Bostonia is published in print three times a year and updated weekly on the web.
Julie Gerberding inhabits a world of long-winded conference calls and consensus-building meetings.
“Ladies and gentlemen,” the former head of the US Centers for Disease Control and Prevention (CDC) has been known to interject, “people are dying. Let’s step up. Let’s get the decision made. Let’s move on.”
But in offering advice to School of Public Health graduates on May 18, Gerberding, currently president of the vaccine division of pharmaceutical giant Merck, urged the 250 members of the Class of 2013 to temper their passion for change with patience. “Without patience, passion can be reckless, even dangerous,” she said. “It is important to balance the accelerator pedal with the brake of patience, because that is what ultimately helps us be effective.”
The first woman to head the CDC, Gerberding was responsible for coordinating emergency responses to bioterrorism, SARS, West Nile virus, and other health threats during her tenure, from 2002 to 2009. She told the graduates to become “dauntless doers”—undeterred by the magnitude of the public health problems confronting them, but also accepting of the reality that there are no shortcuts or quick fixes.
In her address, she laid out a series of domestic and global health challenges, ranging from malaria to a lack of clean water to the spiraling costs of health care.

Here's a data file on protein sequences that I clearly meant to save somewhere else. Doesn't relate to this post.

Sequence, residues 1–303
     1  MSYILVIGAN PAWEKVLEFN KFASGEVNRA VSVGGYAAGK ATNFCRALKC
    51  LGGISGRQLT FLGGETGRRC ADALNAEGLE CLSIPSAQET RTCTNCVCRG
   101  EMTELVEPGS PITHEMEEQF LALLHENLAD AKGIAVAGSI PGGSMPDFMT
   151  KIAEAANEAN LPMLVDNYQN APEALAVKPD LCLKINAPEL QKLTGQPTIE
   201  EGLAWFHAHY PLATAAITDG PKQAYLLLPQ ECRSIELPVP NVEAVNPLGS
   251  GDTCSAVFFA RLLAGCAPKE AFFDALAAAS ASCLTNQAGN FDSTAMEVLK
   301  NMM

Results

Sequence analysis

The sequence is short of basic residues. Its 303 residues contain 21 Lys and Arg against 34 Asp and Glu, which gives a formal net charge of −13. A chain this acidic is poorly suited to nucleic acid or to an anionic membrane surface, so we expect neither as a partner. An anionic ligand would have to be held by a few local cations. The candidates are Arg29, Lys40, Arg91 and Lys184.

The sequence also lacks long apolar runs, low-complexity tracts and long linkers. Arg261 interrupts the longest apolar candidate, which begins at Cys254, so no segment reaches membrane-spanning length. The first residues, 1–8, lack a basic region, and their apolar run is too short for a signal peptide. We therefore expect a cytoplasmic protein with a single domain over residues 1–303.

“My generation has left you with a gaping hole: we have an enormous global health deficit,” Gerberding said. “We’re not going to solve these global health deficits by health care reform. We’re not going to solve them by more taxes. We’re not going to solve them by new medicine. We’re not going to solve them by…foreign aid or philanthropy.
“These global health deficits have to be solved in new ways—and you have to be the dauntless doers to step up to the plate and figure this out.”
The next generation of public health workers, she said, will have to tackle noncommunicable diseases, such as cancer and obesity, while continuing to battle AIDS, tuberculosis, and malaria. In developing countries, noncommunicable diseases are “rapidly taking over the agenda of health systems in these new democracies and other environments,” Gerberding noted. “They’re sucking the most productive people out of society so that the countries themselves cannot gain an economic foothold and thrive.”
She told the graduates that the key to making an impact in public health was to “translate a dream into doing.” She had set her sights on becoming a physician at an early age, she said, then charted a course that was defined by three principles, grounded in the concept of social justice.
“First of all, I believe that each life is equally valuable. I believe that each learner is equally valiant. And I believe that each leader is equally vital,” she said. “Each of us has to go deep and really define within ourselves our values and principles that make us operate in a way that we feel proud of.”